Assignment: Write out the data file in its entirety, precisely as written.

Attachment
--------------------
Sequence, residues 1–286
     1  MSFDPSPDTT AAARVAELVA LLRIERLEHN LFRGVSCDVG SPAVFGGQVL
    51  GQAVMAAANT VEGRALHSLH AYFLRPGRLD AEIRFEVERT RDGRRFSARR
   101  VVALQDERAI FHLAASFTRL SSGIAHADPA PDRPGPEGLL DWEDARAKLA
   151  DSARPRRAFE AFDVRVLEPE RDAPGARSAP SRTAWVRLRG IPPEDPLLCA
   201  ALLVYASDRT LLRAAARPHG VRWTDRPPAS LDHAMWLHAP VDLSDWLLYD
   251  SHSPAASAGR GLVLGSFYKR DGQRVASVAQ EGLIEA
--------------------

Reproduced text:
Sequence, residues 1–286
     1  MSFDPSPDTT AAARVAELVA LLRIERLEHN LFRGVSCDVG SPAVFGGQVL
    51  GQAVMAAANT VEGRALHSLH AYFLRPGRLD AEIRFEVERT RDGRRFSARR
   101  VVALQDERAI FHLAASFTRL SSGIAHADPA PDRPGPEGLL DWEDARAKLA
   151  DSARPRRAFE AFDVRVLEPE RDAPGARSAP SRTAWVRLRG IPPEDPLLCA
   201  ALLVYASDRT LLRAAARPHG VRWTDRPPAS LDHAMWLHAP VDLSDWLLYD
   251  SHSPAASAGR GLVLGSFYKR DGQRVASVAQ EGLIEA